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Why putting an NFL franchise in London would be a mistake

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LONDON, England. It’s October time, we’re already into week four of the NFL season and the annual buzz of the International Series fills the air once again. The slow, zooming camera captures the rainbow of jerseys parading up Wembley Way. The ranging demographic of people is so vast it can be hard to put into words, their only common ground? Football.

Some may be here for their first game, others season ticket holders. A mix of neutrals and supporters of the teams playing. The novelty and rarity of getting to watch a regular season NFL game is such a big pull for fans all over the UK and Europe. Each year we await the lottery of announcements on the teams who will be coming to play and hold our breath in excitement in the hope that our team will be making the trip. It’s this excitement and anticipation that forces us to ask the question: Does London need an NFL franchise?

With the recent announcement that the Jacksonville Jaguars will play not one, but two regular season home games in Wembley next season, the reoccurring debate on the validity and necessity of a franchise in London reared its head again. Over the next few paragraphs I will attempt to convince you why it doesn’t.


As I had alluded to in the intro, there is a certain uniqueness about going to Wembley for a game. It’s a spectacle and in the case of many, a one off experience. We know that October is basically London month for the NFL and each year we look forward to hosting teams and their fans from different cities from all across America. They bring with them their own distinctive ways of preparing for, watching and celebrating games (See: Buffalo > Tables).

If, in the future a London franchise were to exist, don’t you think we would undoubtedly lose this special feeling? This once annual spectacle would become a biweekly occurrence and would lose some of its shine. Don’t get me wrong, I think Wembley would be bunged to the rafters for the full eight games, but perhaps only the first season. Going forward, be it 90,000 or 50,000 in attendance, how many of those will be London fans? I think the only thing to really attract people to return would be whoever the visiting team is.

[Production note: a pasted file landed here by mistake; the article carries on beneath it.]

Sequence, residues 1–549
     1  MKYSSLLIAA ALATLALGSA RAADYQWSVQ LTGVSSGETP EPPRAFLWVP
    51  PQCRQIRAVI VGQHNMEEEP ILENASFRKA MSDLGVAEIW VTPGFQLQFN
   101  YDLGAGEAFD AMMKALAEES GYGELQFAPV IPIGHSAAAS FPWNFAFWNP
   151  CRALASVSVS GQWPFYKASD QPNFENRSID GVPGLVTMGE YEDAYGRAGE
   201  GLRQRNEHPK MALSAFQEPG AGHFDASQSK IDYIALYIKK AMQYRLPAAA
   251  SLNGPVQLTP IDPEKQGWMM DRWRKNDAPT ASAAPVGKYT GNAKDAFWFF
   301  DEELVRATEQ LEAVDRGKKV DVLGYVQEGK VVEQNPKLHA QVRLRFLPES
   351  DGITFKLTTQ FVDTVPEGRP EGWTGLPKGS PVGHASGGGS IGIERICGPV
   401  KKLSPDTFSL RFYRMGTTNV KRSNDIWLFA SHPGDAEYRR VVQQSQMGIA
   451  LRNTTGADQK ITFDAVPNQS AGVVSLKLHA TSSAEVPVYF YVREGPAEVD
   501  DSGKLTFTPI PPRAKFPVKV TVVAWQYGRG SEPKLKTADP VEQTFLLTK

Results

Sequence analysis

Haven’t we all got a team we chose to follow? Okay, maybe not everyone has but if I were to take a stab in the dark I’d say an easy 90% of us have already laid our loyalties elsewhere. Are we expected to down tools and jump ship simply because a franchise has been brought geographically closer to us? If that was part of the criteria of following a team I wouldn’t be a Seattle fan. 6,000 miles away and I have no intentions of changing.

A London team would be more a UK team if anything and on that very basis there would be some fans who would have to endure 6-8 hours of travelling one way just to get to the game. I’m not sure we have the support levels yet for fans to be doing this eight times a year.

If it’s about creating new fans as opposed to converting the older generation, realistically we wouldn’t see the benefit of that for close to 15 years. Until the next generation of football fans come through and can say “I grew up watching the London Jaguars”, we will not have enough devoted London fans to keep the team afloat.


This section is a double edged sword. So much of the success of a London team would be based on performance. What if, after its inception, the team is completely rubbish?

Players can’t adjust to their new lives away from home, they aren’t committed or “on board” with the idea of spending an entire season in England. What sort of pulling power would the team have towards free agents and potential draft prospects? You would have to imagine very little.


No superstars, no wins. No wins, no fans. No fans… no point.

Now, on the other hand (albeit unlikely), what if the team is really good? Like Super Bowl contender good?

They go on to secure home field advantage in the playoffs, how the hell would that work? Teams who travel outside of the states for a game are often given 7+ months of notice to prepare and figure out logistics in relation to the trip. Are we all of a sudden supposed to expect teams to have a constant “London contingency plan” at the ready in case they end up with a trip across the pond on a week or twos notice? It just seems like a complete nightmare for players, families, coaches and teams in general.

One final note. If I were a fan of the team being relocated I would be angry beyond belief. Think of how upset the city of St. Louis was when they lost the Rams, San Diego and the Chargers or Oakland and the Raiders. But how do you justify to an entire city and fan base that you are moving country? I get it’s a business but that just seems heart-wrenchingly unforgivable.